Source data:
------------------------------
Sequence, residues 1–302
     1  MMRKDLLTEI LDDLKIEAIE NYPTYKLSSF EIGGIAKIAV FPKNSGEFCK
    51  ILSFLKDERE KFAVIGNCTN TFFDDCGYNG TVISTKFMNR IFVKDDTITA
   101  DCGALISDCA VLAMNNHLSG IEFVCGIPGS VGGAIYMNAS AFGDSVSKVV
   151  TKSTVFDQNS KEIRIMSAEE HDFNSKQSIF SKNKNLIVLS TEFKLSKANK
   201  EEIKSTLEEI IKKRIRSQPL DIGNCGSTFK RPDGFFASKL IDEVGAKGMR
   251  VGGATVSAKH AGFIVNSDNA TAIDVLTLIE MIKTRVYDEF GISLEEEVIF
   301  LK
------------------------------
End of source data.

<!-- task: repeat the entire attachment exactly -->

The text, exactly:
Sequence, residues 1–302
     1  MMRKDLLTEI LDDLKIEAIE NYPTYKLSSF EIGGIAKIAV FPKNSGEFCK
    51  ILSFLKDERE KFAVIGNCTN TFFDDCGYNG TVISTKFMNR IFVKDDTITA
   101  DCGALISDCA VLAMNNHLSG IEFVCGIPGS VGGAIYMNAS AFGDSVSKVV
   151  TKSTVFDQNS KEIRIMSAEE HDFNSKQSIF SKNKNLIVLS TEFKLSKANK
   201  EEIKSTLEEI IKKRIRSQPL DIGNCGSTFK RPDGFFASKL IDEVGAKGMR
   251  VGGATVSAKH AGFIVNSDNA TAIDVLTLIE MIKTRVYDEF GISLEEEVIF
   301  LK